Textbook Notes (363,149)
Economics (697)
Chapter 22

# Economics 1022 Chapter 22 notes

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School
Western University
Department
Economics
Course
Economics 1022A/B
Professor
Jeannie Gillmore
Semester
Fall

Description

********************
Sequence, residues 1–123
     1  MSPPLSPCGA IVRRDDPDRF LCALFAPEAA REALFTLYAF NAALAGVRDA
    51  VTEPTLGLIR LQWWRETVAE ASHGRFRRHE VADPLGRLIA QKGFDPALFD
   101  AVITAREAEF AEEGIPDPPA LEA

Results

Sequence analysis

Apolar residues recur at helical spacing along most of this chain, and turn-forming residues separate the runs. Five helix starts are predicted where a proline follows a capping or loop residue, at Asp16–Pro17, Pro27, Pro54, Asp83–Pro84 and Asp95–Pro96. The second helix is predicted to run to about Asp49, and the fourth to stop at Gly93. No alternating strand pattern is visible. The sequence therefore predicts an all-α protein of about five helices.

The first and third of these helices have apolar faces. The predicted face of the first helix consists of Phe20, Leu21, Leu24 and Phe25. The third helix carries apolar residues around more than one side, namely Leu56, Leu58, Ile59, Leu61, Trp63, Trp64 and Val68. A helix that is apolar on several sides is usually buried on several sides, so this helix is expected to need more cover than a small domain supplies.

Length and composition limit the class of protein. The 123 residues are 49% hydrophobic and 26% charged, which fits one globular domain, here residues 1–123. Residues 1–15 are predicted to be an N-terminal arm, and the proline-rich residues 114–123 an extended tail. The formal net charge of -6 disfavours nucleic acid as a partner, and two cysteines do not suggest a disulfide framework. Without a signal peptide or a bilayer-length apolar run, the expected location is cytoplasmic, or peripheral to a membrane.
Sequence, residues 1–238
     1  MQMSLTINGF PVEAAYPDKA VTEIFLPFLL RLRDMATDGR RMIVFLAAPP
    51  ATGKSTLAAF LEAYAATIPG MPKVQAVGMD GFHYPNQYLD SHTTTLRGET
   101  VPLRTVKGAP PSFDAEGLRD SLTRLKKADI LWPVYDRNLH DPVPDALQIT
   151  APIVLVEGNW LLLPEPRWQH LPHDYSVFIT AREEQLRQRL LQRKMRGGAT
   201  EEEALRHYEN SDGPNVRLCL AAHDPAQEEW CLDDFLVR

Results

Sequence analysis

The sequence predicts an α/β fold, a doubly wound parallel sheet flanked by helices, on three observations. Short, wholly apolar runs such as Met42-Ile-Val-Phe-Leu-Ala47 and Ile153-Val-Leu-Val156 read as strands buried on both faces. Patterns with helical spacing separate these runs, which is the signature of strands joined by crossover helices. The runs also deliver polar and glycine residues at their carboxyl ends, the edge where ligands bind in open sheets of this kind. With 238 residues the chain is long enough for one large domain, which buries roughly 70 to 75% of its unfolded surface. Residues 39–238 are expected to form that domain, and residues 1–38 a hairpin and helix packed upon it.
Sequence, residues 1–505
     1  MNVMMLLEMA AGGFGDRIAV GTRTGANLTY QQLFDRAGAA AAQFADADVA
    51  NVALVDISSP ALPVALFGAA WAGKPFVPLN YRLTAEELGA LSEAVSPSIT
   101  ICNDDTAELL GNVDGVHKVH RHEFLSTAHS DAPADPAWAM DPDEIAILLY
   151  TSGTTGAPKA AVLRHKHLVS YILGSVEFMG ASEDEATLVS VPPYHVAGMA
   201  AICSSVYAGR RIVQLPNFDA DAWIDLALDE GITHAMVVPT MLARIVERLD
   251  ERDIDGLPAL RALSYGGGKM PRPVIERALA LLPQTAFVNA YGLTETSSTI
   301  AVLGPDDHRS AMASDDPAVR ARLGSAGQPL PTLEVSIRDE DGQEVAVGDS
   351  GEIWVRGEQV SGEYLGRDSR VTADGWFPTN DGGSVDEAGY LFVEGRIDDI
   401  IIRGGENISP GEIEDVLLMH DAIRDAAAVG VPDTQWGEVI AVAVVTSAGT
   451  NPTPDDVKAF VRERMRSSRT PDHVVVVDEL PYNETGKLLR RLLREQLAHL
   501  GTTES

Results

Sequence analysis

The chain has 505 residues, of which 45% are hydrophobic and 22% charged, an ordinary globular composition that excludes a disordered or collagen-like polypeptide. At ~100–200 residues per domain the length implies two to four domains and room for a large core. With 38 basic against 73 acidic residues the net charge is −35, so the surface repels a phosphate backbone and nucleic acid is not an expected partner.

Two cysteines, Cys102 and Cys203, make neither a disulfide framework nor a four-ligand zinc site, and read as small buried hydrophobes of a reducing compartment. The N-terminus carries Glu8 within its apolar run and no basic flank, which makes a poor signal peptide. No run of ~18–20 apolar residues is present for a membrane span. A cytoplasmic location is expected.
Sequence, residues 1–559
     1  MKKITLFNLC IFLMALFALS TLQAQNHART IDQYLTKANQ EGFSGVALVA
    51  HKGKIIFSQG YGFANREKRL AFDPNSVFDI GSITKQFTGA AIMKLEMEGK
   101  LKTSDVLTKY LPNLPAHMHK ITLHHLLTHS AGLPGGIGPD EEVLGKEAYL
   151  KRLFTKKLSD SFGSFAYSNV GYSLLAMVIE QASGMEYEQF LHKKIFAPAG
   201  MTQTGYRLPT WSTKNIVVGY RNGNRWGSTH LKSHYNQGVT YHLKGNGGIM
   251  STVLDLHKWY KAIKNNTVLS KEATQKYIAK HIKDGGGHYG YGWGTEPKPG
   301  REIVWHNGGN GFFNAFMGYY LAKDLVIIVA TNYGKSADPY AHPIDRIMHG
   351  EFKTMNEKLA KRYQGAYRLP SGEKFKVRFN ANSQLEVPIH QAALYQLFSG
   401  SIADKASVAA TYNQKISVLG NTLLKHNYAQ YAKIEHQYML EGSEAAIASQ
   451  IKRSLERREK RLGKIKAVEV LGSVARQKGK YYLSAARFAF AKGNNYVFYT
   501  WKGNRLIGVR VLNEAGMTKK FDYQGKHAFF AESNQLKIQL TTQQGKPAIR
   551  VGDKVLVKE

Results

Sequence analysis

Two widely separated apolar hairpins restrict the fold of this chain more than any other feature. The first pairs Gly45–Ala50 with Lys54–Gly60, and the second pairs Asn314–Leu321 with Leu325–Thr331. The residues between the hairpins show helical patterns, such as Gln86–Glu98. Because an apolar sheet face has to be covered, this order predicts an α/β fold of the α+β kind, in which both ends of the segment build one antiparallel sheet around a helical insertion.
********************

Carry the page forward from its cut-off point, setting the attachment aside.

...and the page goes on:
Chapter 22 Economic Growth  Economic growth: Expansion of production possibilities measured as the increase in real GDP over time  Economic growth rate: o Annual percentage change of real GDP o Shows how rapidly the total economy is expanding (useful for analyzing the balance between countries) o ⁄  Economic growth rate per person: o Real GDP per person: Real GDP divided by population o Economic growth rate per person: ⁄ o Grows only when real GDP grows faster than the population grows. Otherwise, it falls. o (Also calculated by subtracting the population growth rate from the real GDP growth rate)  Rule of 70: Formula that states that the number of years it takes for the level of any variable to double is approximately 70 divided by the annual percentage growth rate of the variable. Economic Growth Trends  Between 1926 and 2010, the average real GDP per person growth rate has been 2% per year.  1930s: Enormous fall in real GDP due to the Great Depression  1940s: Bulge due to economic activities during World War II  1950s: Slow growth  1960s: Growth rate sped up and averaged to 3.3% per year.  1970s: Growth rate slow down to 2.2% per year.  1980s: Growth rate slow down further to 0.7% per year.  1990s+: Growth rate increases again, but has been unsuccessful in reaching its long-term average. Potential GDP Growth  Potential GDP: The level of real GDP when the quantity of labour employed is at full-employment quantity. o (Out of labour, capital, land, and entrepreneurship, labour is the only variable factor of production) o Aggregate production function: Relationship that tells us how real GDP changes as the quantity of labour changes when all other influences on production remain the same.  Each additional hour of leisure forgone increases real GDP in successively smaller amounts.  Increase in the quantity of labour (and corresponding decrease in leisure) brings a movement along the production function, and an increase in real GDP. o Aggregate labour market:  Demand for labour: Relationship between quantity of labour demanded and the real wage rate  Quantity of labour demanded: o Hours of labour demanded by all the firms in the economy in a given period. o Depends on the price of labour (real wage rate)  Real wage rate: o Money wage rate divided by price level o Quantity of goods and services that an hour of labour earns. o Firms care not about the amount they must pay, but about how much output they must sell to earn them. o Quantity of labour demanded increases as the real wage rate decreases. Due to diminishing returns, firms hire more labour only if the real wage rate falls to match the fall in the extra output produced by that labour.  Money wage rate: Number of dollars that an hour of labour earns.  Supply of labour:  Relationship between the quantity of labour supplied (number of labour hours that all households in the economy plan to work in a given time) and the real wage rate.  Quantity of labour supplied increases as the real wage rate increases.  Labour market equilibrium:  A shortage of labour causes the real wage rate to rise to eliminate it.  A surplus of labour causes the real wage rate to drop to eliminate it.  When there is neither a shortage nor surplus, there is full-employment equilibrium.  At equilibrium quantity, potential GDP equals real GDP.  Potential GDP growth is caused by: o Growth of the supply of labour:  Quantity of labour: Number of workers employed (employment to population ratio multiplied by the working age population) multiplied by average hours per worker  When the supply of labour grows, the supply of labour curve shifts rightward, and the quantity of labour at a given real wage rate increases.  Quantity of labour can change as a result of chang
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